China's Top Diplomat Pushes U.S. to Repair Strained Relationship

A senior Chinese official told the United States to uphold its commitment to not having a conflict with Beijing, and put the onus of restoring amicable relations on Washington, during a call with Joe Biden's national security adviser on Wednesday.

Yang Jiechi, the top diplomat in Beijing, spoke with Jake Sullivan in only their fourth publicized talks in the past two years, following in-person meetings in Anchorage and Zurich in 2021, and in Rome this March. Their latest discussion centered on fraught bilateral ties, but also touched on Ukraine and North Korea, according to a readout released by the Chinese Foreign Ministry.

China's statement revealed positive dialogue between the militaries of the two countries, and on issues including climate change, public health and agriculture. But Yang also protested what he called "a series of wrong words and deeds that interfered in China's internal affairs and harmed Chinese interests"—a phrase that could point to anything from Western warnings about Beijing's continued support for Moscow, or the continued American backing of Taiwan.

"The United States should match its words with deeds, and turn relevant commitments into concrete policies and actions," Yang told Sullivan. Washington, he said, should "do more constructive things to push China-U.S. relations back on the right track of healthy and stable development."

A readout released by the White House was typically brief. It said the talks "focused on regional security issues and nonproliferation," as well as "Russia's war against Ukraine and specific issues in U.S.-China relations."

Challenges Remain

Despite some initial optimism in Beijing after Biden's election victory, there now appears very little prospect of the relationship's return to the rosier days at the beginning of the early 2010s. Successive administrations have identified China's growing military and its ambition to reshape universal norms through influence in international institutions, as the key challenge of the present century.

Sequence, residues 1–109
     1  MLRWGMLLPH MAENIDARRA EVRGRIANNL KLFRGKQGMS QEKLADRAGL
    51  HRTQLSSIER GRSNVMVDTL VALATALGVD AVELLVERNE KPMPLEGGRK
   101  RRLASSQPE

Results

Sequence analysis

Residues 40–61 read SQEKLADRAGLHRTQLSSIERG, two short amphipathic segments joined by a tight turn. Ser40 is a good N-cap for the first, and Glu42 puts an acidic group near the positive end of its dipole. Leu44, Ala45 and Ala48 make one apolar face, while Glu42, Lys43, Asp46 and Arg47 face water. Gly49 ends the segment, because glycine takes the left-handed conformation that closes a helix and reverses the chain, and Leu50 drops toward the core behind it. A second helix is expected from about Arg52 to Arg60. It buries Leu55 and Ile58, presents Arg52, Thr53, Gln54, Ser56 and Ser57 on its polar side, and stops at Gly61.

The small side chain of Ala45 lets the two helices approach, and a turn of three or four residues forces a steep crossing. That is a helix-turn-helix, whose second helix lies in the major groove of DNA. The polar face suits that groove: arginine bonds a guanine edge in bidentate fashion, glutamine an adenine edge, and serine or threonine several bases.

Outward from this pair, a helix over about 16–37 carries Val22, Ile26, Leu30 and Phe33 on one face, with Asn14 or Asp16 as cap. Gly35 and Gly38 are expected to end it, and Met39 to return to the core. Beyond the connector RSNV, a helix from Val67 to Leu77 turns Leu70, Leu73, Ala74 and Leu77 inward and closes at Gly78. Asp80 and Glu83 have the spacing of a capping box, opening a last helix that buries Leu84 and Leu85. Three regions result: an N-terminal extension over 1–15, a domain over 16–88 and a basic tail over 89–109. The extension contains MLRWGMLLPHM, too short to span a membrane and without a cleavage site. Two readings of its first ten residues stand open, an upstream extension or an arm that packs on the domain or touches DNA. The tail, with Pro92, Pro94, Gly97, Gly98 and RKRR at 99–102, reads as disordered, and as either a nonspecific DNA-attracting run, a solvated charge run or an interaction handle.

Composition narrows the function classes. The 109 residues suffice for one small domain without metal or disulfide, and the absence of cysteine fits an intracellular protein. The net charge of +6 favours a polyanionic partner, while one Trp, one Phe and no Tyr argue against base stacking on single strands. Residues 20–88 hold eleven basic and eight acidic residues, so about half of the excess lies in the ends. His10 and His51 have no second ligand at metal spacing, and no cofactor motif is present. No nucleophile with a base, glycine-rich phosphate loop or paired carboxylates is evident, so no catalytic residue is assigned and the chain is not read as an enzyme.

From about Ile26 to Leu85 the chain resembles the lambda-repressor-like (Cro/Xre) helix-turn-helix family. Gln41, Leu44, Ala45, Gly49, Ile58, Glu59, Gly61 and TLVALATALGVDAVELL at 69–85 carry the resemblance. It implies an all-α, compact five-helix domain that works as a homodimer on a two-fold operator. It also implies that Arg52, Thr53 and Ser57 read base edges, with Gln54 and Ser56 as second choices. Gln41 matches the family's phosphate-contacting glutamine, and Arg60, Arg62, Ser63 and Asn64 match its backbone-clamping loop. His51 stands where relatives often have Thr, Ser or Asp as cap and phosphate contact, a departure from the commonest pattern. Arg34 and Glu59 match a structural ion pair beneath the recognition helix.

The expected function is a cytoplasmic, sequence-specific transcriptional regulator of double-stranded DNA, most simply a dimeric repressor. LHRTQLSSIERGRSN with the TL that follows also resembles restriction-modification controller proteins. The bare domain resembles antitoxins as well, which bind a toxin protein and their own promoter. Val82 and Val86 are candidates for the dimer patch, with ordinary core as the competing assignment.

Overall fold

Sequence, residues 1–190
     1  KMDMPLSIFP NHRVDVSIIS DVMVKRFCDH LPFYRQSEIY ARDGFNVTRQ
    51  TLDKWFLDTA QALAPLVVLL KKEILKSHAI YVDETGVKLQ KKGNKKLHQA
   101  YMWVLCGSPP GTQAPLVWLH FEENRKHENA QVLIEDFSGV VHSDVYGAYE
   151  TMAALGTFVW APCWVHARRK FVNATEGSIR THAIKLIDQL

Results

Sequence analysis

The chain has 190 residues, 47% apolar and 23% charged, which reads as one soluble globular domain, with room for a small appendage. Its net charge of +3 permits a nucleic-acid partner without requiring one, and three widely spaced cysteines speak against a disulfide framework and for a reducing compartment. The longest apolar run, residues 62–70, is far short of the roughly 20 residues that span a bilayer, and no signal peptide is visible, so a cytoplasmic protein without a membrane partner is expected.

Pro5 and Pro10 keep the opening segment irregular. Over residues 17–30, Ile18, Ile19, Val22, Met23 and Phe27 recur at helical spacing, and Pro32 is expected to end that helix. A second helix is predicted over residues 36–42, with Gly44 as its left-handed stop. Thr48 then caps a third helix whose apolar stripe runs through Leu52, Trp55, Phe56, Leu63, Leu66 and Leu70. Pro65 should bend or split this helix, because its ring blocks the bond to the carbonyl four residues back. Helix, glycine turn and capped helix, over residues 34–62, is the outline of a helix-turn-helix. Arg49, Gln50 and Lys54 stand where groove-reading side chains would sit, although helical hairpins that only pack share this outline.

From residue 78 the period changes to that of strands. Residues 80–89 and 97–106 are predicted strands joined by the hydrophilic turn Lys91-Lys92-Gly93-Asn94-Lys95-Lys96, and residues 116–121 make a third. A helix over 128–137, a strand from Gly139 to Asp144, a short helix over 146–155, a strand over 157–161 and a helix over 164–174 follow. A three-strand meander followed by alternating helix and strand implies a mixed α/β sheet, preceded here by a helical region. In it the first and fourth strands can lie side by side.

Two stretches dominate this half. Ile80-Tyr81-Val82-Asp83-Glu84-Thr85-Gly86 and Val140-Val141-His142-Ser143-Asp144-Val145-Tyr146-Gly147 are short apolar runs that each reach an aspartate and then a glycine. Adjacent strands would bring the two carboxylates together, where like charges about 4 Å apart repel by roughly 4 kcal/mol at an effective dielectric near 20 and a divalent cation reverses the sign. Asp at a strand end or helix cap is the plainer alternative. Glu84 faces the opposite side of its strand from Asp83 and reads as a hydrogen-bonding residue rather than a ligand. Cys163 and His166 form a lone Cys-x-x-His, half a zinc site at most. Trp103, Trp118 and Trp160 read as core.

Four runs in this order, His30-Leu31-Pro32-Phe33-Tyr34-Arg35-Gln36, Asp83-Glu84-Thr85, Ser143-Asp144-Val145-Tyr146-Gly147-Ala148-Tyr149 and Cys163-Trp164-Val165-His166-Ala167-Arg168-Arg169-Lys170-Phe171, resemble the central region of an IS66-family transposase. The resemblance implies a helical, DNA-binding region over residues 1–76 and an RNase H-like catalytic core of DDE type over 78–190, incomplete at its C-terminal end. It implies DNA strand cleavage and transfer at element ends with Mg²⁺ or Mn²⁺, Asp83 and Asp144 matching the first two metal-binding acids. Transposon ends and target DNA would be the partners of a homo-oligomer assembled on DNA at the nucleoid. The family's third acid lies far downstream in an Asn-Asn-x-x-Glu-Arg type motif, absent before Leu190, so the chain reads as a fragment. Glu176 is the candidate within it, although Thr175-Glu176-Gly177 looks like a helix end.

Since the Trump years, Beijing has increasingly viewed the U.S.'s perception of a "China threat" as driving renewed efforts to contain the burgeoning superpower by strengthening existing alliances in Asia and forging new partnerships like the Quad and AUKUS.

The Biden administration, which is trying to bolster its status as the resident power in the "Indo-Pacific" region, says its moves aren't targeting any one country, least of all China. Since coming into the White House last year, his officials, especially in the Pentagon, have worked to reestablish lines of communication with Beijing, with an eye on "crisis management."

The Chinese leadership isn't convinced, but it does seem to be taking calls from American counterparts—the Chinese Foreign Ministry's readout said Sullivan asked for the talks this week.

At the heart of U.S.-China relations, which were formally established in 1979, is the question of Western-leaning Taiwan, a democratically governed island Chinese Communist Party officials want to annex into the mainland.

The Taiwanese public hasn't shown any interest in being ruled from Beijing. The U.S., which believes the island's post-World War II status remains undetermined, doesn't have formal diplomatic relations with Taipei, but says differences across the Taiwan Strait must be resolved in a peaceful manner, in accordance with the wishes of Taiwan's 23.5 million people.

For decades, Washington has also been Taiwan's strongest international backer. It's one of the only countries that openly sells Taipei defensive arms, as mandated by the Taiwan Relations Act of 1979.

Yang, who is the director of the CCP's Central Foreign Affairs Commission and a former ambassador to Washington, told Sullivan that Taiwan was the "most serious and most sensitive core issue" in U.S.-China relations. He said the Biden administration's recent actions vis-à-vis Taiwan were "poles apart" from its stated commitment to the U.S.'s "one China" policy.

'Down the Wrong Path'

Yang warned the U.S. against going "further and further down the wrong path" with its support for Taiwan. "China will definitely take firm action to safeguard its sovereignty and security interests, and we will do what we say," he said.

At a White House press briefing on Wednesday, Sullivan previewed Biden's upcoming trip to Northeast Asia, a visit to shore up American alliances in the region, in a move that will inevitably irk Chinese leaders in the process.

Included in his itinerary is a Quad summit in Tokyo. While in Japan, he will also launch the administration's Indo-Pacific Economic Framework.

Chinese State Councilor Yang Jiechi and JakeSullivan
Chinese State Councilor Yang Jiechi (L), and National Security Adviser Jake Sullivan (R) speaking during the daily press briefing in the Brady Briefing Room of the White House in Washington, DC, on May 18, 2022. KIMIMASA MAYAMA/STEFANI REYNOLDS/AFP/Getty